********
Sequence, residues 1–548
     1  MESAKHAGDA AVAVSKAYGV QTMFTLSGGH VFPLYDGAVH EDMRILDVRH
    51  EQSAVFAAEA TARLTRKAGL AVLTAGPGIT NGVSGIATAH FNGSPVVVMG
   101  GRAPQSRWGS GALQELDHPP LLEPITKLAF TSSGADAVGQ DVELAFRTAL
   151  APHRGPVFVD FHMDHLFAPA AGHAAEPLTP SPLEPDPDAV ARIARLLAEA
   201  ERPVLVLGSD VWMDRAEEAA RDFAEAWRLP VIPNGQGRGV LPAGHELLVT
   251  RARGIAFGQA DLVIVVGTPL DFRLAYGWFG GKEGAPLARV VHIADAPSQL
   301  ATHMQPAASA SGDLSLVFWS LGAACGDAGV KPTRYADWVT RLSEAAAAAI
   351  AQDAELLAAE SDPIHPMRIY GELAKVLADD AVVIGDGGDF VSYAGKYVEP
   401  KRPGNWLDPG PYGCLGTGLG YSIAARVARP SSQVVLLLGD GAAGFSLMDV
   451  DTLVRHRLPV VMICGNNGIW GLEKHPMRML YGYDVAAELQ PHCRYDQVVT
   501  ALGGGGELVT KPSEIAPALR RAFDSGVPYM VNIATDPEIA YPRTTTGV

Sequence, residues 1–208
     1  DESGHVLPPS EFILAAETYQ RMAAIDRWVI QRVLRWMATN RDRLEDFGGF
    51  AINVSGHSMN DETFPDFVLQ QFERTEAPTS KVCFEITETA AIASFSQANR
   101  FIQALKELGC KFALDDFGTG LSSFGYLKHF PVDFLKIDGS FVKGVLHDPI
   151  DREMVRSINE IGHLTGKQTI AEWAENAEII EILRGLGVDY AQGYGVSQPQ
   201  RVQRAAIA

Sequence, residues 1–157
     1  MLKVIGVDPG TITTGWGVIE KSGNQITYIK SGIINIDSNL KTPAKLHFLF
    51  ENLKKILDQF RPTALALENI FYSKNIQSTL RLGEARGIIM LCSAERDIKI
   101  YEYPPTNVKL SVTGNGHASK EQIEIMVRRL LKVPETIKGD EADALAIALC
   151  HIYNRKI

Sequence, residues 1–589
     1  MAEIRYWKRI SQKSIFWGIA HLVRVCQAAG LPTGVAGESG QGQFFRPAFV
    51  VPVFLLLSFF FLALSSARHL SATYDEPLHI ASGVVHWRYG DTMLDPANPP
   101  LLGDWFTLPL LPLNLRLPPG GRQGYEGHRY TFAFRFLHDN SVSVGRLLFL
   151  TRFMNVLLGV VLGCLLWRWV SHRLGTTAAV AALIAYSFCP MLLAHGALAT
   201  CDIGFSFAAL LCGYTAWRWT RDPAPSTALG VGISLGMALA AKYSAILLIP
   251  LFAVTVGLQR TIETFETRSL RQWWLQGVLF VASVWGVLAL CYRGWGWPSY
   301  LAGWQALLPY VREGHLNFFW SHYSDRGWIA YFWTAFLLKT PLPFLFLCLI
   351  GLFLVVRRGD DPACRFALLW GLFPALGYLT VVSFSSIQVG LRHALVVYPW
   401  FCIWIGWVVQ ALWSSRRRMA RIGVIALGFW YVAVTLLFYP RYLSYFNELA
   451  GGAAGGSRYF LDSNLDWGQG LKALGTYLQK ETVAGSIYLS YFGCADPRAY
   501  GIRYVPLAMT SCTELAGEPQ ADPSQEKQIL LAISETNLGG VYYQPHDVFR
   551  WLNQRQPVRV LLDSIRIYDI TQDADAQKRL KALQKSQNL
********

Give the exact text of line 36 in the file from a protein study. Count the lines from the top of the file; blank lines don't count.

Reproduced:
   551  WLNQRQPVRV LLDSIRIYDI TQDADAQKRL KALQKSQNL